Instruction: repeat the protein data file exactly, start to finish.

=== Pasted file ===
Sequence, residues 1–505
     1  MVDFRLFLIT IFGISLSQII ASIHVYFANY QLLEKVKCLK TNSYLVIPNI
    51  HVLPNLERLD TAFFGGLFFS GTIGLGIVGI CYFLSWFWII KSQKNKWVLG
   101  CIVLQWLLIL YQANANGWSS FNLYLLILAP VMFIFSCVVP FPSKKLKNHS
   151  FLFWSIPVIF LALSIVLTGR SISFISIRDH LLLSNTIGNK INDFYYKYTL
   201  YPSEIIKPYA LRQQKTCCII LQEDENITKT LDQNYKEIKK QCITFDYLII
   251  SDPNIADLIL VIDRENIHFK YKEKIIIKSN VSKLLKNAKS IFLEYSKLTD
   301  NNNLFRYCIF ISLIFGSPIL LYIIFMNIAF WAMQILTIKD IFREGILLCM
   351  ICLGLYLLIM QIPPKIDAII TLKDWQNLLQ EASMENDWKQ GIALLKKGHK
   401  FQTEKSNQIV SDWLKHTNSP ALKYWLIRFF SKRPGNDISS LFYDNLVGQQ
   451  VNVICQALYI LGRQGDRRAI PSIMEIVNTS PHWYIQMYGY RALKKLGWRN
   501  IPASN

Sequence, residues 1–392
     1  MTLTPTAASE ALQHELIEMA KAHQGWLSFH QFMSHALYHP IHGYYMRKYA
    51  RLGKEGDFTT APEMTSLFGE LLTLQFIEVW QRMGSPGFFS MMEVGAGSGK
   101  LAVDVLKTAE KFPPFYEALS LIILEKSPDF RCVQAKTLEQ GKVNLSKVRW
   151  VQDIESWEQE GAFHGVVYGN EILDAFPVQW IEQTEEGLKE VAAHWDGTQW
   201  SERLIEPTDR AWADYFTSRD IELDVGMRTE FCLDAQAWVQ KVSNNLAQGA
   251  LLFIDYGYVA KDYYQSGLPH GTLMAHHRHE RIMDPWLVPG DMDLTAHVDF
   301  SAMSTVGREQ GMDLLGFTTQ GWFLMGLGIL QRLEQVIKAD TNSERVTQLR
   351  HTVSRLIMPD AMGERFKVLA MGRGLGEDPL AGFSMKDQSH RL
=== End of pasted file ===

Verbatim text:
Sequence, residues 1–505
     1  MVDFRLFLIT IFGISLSQII ASIHVYFANY QLLEKVKCLK TNSYLVIPNI
    51  HVLPNLERLD TAFFGGLFFS GTIGLGIVGI CYFLSWFWII KSQKNKWVLG
   101  CIVLQWLLIL YQANANGWSS FNLYLLILAP VMFIFSCVVP FPSKKLKNHS
   151  FLFWSIPVIF LALSIVLTGR SISFISIRDH LLLSNTIGNK INDFYYKYTL
   201  YPSEIIKPYA LRQQKTCCII LQEDENITKT LDQNYKEIKK QCITFDYLII
   251  SDPNIADLIL VIDRENIHFK YKEKIIIKSN VSKLLKNAKS IFLEYSKLTD
   301  NNNLFRYCIF ISLIFGSPIL LYIIFMNIAF WAMQILTIKD IFREGILLCM
   351  ICLGLYLLIM QIPPKIDAII TLKDWQNLLQ EASMENDWKQ GIALLKKGHK
   401  FQTEKSNQIV SDWLKHTNSP ALKYWLIRFF SKRPGNDISS LFYDNLVGQQ
   451  VNVICQALYI LGRQGDRRAI PSIMEIVNTS PHWYIQMYGY RALKKLGWRN
   501  IPASN

Sequence, residues 1–392
     1  MTLTPTAASE ALQHELIEMA KAHQGWLSFH QFMSHALYHP IHGYYMRKYA
    51  RLGKEGDFTT APEMTSLFGE LLTLQFIEVW QRMGSPGFFS MMEVGAGSGK
   101  LAVDVLKTAE KFPPFYEALS LIILEKSPDF RCVQAKTLEQ GKVNLSKVRW
   151  VQDIESWEQE GAFHGVVYGN EILDAFPVQW IEQTEEGLKE VAAHWDGTQW
   201  SERLIEPTDR AWADYFTSRD IELDVGMRTE FCLDAQAWVQ KVSNNLAQGA
   251  LLFIDYGYVA KDYYQSGLPH GTLMAHHRHE RIMDPWLVPG DMDLTAHVDF
   301  SAMSTVGREQ GMDLLGFTTQ GWFLMGLGIL QRLEQVIKAD TNSERVTQLR
   351  HTVSRLIMPD AMGERFKVLA MGRGLGEDPL AGFSMKDQSH RL